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John Digweed plays Berlin on a Wednesday night



One of the small oddities of the largely unbeatable electronic music scene in Berlin is the relative absence of any kind of a UK presence. In terms of the overall contribution made to dance culture, London competes toe-to-toe with the German capital; but living in Berlin, you wouldn’t necessarily know it.  

While a renegade like Scuba and his Hot Flush successfully infiltrated the scene, there’s largely an absence of drum n’ bass and its associated dubstep, grime and bass music brethren. And while Deutsch house heavies like Steve Bug and Solomun regularly venture across the pond, rarely does it work the other way around.

Disclosure’s headline set at Berghain on a Friday night in April was a wonderful, and all too rare oddity; and the same story goes for a recent appearance of Carl Cox at Watergate. Otherwise, the opportunity to see other veterans like Sasha, John Digweed, Nick Warren, King Unique and Danny Howells are incredibly rare (not to mention their global compatriots like Hernan Cattaneo, Guy J and Henry Saiz).

While they’re a pack who’ve traditionally been termed as ‘progressive’, perhaps that’s part of the problem, as it sells short their general adeptness across the spectrum of house and techno. Basically, there’s zero chance they’d have any troubles rocking those open-minded Berlin crowds. In spite of this, their appearances are so rare that when one of them does make the short flight over, it’s somewhat of a coup. When Sasha played the Panorama Bar for the first time in 2011, shockingly it was the first time he’d played in the city since the Love Parade nearly a decade earlier. Queue similar astonishment when it was announced that fellow veteran John Digweed would be making his own long-awaited return; on a Wednesday night, no less.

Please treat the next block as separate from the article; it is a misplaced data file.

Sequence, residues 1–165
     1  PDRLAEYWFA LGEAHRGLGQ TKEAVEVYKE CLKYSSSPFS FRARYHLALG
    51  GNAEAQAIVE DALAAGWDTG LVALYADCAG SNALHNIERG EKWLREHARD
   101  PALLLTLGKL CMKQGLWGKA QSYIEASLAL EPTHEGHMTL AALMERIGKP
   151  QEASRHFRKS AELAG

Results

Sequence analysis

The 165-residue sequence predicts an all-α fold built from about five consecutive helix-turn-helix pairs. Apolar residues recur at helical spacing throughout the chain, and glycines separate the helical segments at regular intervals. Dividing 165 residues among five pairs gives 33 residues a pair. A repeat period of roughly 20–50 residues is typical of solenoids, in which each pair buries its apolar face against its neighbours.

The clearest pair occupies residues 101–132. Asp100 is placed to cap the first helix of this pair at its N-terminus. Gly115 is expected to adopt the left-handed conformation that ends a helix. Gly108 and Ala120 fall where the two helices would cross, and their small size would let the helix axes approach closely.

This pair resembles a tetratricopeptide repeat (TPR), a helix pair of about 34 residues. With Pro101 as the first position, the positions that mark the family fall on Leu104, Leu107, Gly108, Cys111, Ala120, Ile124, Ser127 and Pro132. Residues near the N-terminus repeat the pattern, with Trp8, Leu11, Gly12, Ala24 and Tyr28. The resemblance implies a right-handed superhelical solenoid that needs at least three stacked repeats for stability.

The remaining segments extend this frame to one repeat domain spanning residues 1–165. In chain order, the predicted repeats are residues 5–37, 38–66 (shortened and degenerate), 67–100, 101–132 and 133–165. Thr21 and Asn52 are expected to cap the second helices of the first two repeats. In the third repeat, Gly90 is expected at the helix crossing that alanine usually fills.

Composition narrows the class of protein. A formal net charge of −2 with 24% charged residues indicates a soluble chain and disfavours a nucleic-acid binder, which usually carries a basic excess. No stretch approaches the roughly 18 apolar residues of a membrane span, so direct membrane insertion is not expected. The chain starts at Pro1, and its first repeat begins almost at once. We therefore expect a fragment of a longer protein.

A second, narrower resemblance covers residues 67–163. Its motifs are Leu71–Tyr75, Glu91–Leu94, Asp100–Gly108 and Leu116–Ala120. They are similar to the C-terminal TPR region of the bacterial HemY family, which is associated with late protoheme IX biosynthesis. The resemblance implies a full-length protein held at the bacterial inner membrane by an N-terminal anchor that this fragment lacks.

And not only was it a midweek marathon set, it would be also at one of Berlin’s most charming little venues. ://about blank takes its name from what’s written on your Internet Explorer browser bar when it collapses into nothingness, and it’s a suitably nondescript title for the gritty charms of the venue. A perfect example of Berlin’s tendency for repurposing old spaces and turning them into something cool, it’s an old building that’s been renovated… but only barely. 

Even the trademark mirrorball upstairs is flanked by graffiti scrawl, and walls that look like they could crumble at any moment. It’s all part of the fun though, and ://about blank is a hot mess. There’s endless corners to explore, including an impressive courtyard area for the sweaty summer months, though tonight it’s only the dark stretch of the main room that’s open. 

2.30am is Digweed’s scheduled time of arrival. Perhaps a little late for a school night, but like the dependable veteran that he is, he’s there to setup behind the decks merely minutes after the allotted time. What was remarkable earlier on is the distinct lack of a queue to get into the club; though by now the room is comfortably full, perhaps less than you’d expect from a DJ of his caliber, but it offers a much more comfortable dancing experience than what you’d normally get.